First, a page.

Documents for Traveling with Kids

There are a few documents that we wish we had brought with us when we came to Argentina last year.

The first item we should have carried with us was an original long-form birth certificate for each daughter. (A long-form is the one that shows the names, ages, and birthplaces of the parents.)

The second documentary task that we should have completed prior to leaving the Estados Unidos was getting a notarized letter authorizing each other as parents to travel alone with either kid as well as make make medical decisions solo, if needed.

Technically, Argentina requires citizens of all countries who are traveling alone with their children to be accompanied by a letter such as the one I describe above. From what I hear, it’s not enforced very stringently with foreigners, especially if the kids are 7 and older, but you never know when that may change.

As we learned today, it’s a good idea to avoid having to go to the US embassy in Buenos Aires for notary services, if you can. They confiscated our phones, my knitting (wooden needles) and our Kindles before allowing us in the waiting room — bereft of entertainment, it was a bit mind numbing.

7 Responses to “Documents for Traveling with Kids”

  1. Jennifer

    The same happens at US consulates in Bolivia – isn’t it lovely?! Although reading their posters about US presidents (in Spanish) isn’t half bad…

  2. Michele

    *laugh* Now I feel completely ripped off, we did not have any posters with info. about US Presidents. We did have two really ill-behaved kids running around like lunatics, opening secure doors and freaking out the security guards — that was kind of entertaining.

  3. Futbol

    Whenever I go to the embassy for a visa interview, they make me line up outside in the cold for two hours. THEN they take all my electronics, make me sit inside for another hour, and once it’s all over, I have to pay 10 dollars for DHL to hand-deliver the visa to my home. So, it could be worse.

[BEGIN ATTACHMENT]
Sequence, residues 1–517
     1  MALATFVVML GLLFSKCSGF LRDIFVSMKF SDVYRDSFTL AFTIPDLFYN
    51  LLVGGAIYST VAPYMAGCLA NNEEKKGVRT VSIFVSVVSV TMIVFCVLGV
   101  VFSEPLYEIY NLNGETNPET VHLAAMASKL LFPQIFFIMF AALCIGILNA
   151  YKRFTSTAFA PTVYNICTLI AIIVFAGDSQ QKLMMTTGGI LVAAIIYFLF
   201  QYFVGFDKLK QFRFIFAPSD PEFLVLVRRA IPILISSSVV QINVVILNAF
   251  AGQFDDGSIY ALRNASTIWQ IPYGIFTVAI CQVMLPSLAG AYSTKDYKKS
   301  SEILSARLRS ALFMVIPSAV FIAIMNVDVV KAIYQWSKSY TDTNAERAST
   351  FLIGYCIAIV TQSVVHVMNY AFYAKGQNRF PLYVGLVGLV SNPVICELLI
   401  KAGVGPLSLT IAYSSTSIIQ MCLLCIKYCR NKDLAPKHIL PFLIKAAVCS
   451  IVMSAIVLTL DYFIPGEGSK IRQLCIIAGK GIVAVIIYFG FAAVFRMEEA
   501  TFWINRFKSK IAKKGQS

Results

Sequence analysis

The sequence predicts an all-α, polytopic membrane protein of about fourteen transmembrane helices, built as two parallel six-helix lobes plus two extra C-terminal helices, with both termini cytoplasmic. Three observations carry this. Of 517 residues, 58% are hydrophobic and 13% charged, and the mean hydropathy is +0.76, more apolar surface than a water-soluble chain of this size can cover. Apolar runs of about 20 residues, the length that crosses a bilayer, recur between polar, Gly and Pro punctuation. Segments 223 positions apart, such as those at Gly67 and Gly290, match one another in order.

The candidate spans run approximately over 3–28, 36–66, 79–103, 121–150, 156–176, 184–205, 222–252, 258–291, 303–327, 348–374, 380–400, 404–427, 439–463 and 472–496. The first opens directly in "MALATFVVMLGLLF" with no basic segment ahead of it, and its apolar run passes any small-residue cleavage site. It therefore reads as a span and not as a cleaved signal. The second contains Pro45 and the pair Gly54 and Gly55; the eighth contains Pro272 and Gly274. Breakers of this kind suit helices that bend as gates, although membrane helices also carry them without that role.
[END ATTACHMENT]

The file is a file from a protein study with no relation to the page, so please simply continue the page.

4. Michele

    *laugh* Okay okay, you win for worst US outpost in a foreign land experience on my blog! Unfortunately, other than the distinction, nothing else comes with the win!

  5. Khara

    What happen to the US EMBASSY in the Movies 🙂
    We had to go there once then we learned to get things apostatized and FedEX overnight international to my hubby’s office. I always bring a paper book in case of boredom or a deck of cards.

  6. Michele

    Khara! *smile* You mean the world where everyone is skinny, attractive, lives in great houses/apartments and there are fabulous, helpful US Embassies dotting the land? Yes, where the hell is my piece of that world?

  7. Michele

    Futbol, even though we don’t necessarily have all that much time to read, I find that I can’t take too many pages of the story at once or I start to lose concentration, which causes skimming, and then I miss too damn much. It has been interesting to compare notes with Tom as we read (we have very different reactions to his writing, particularly where it involves male angst — I have thin patience in that department) You can check in with the Infinite Jest summer reading site. There was a cool post by David Foster Wallace’s editor on the project (wow, that would have been quite a job.) Check in with me when you have made some progress!

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